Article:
This phrase might leave the listener asking, “Get a better handle on what?”
The correct example gets specific, so we don’t have to ask what. That’s clarity in action. Use it in speaking and perfect it in writing and you’ll be far less likely to be misunderstood.
Have you ever encountered a person who kept their arms folded and didn’t make eye when you approached? That person may have simply been distracted or preoccupied, but odds are you read their body language as unfriendly and you didn’t make an effort to talk.
If you want to communicate, you have to look open to it. Uncross those arms! Make eye . Smile. Although I tend to be on the quiet side until I get to know a person, I became great friends with someone in a singing group I belong to all because he took a moment to shoot me a smile and a friendly nod, which made me feel he was someone I could approach and say hello to. You never know where a little openness might lead!
One of my favorite fictional characters, Atticus Finch from Harper Lee’s To Kill a Mockingbird, said, “You never really understand a person until you consider things from his point of view . . . until you climb into his skin and walk around in it.”
That’s what empathy is, and it’s essential to good communication. We all walk around in our own little worlds, but to make a connection with someone requires the ability to put yourself in that person’s place and try to understand their point of view. When you do that, the snippy sales clerk becomes a person who might be slogging through a difficult day, the bratty toddler in the next line becomes a tired and overstimulated child, and his wheedling parent becomes an exhausted mom at the end of her tether.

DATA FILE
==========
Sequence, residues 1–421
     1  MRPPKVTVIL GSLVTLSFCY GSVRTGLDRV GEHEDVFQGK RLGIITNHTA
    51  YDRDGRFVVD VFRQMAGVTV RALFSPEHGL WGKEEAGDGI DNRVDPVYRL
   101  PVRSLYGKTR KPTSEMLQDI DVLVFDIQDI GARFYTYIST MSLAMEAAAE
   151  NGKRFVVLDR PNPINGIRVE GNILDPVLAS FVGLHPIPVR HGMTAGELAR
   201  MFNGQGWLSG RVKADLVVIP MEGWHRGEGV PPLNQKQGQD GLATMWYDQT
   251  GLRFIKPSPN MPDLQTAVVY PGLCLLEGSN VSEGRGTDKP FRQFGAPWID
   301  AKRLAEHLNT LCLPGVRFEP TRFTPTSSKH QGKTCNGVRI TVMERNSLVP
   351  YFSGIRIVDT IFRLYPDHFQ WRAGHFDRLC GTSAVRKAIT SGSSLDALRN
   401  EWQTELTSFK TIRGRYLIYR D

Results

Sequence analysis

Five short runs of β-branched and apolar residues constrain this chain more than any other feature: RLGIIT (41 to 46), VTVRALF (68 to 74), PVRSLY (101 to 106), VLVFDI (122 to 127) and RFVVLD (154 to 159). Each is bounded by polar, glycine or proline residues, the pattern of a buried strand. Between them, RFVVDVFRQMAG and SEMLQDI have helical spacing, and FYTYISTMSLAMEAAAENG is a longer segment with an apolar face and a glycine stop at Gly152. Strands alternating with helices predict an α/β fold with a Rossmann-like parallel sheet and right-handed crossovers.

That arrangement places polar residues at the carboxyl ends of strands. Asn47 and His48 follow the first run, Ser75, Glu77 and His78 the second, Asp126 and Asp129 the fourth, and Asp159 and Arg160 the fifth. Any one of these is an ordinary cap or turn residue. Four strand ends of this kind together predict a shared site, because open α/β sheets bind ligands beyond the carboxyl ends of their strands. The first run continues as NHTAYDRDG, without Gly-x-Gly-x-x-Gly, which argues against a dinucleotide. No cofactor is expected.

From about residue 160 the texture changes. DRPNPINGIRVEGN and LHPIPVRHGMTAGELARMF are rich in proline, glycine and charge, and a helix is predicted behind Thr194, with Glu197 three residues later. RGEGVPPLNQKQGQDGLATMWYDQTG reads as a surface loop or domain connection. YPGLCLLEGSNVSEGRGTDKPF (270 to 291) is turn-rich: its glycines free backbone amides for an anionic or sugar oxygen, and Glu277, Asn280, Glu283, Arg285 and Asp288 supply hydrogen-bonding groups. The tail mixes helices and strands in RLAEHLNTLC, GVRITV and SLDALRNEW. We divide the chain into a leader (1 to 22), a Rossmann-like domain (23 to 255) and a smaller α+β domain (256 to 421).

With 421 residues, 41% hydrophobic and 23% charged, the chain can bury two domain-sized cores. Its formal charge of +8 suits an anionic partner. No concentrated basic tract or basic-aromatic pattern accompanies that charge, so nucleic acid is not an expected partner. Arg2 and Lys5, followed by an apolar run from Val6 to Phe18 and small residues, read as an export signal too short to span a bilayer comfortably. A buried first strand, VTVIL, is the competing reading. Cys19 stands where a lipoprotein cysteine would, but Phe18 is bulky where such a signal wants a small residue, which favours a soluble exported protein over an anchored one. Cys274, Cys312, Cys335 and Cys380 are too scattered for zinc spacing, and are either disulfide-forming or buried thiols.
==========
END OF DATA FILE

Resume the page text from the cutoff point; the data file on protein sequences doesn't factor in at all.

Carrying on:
When you’re able to empathize, you can approach conversations calmly and rationally. You might wish the sales clerk a good day and offer the weary mom a smile, or even a helping hand, when everyone else is glaring daggers. Whether you’re at work, at home, or hanging out with friends, empathy skills can help you defuse emotionally charged situations.
Think of some of your favorite people to talk with. Odds are, they’re usually upbeat and full of life. We’re naturally drawn to people who lift our moods. If you’re capable of it, try to be just a little more energetic than the person you’re speaking with. It’s possible to show enthusiasm for a topic even if it happens to be difficult. Be engaged. Lean in. Listen intently. We naturally like people who can elevate a conversation rather than bring it down.
Communicating effectively doesn’t come naturally to everyone. Some of us have to work at it. And working at it means being conscious of the things we can do to improve. Communication didn’t come naturally to Michael Faraday—he took notes and observed other lecturers and worked hard to improve. But he proved that developing good communication skills enables a person’s intelligence and ideas to shine through. It’s worth the effort.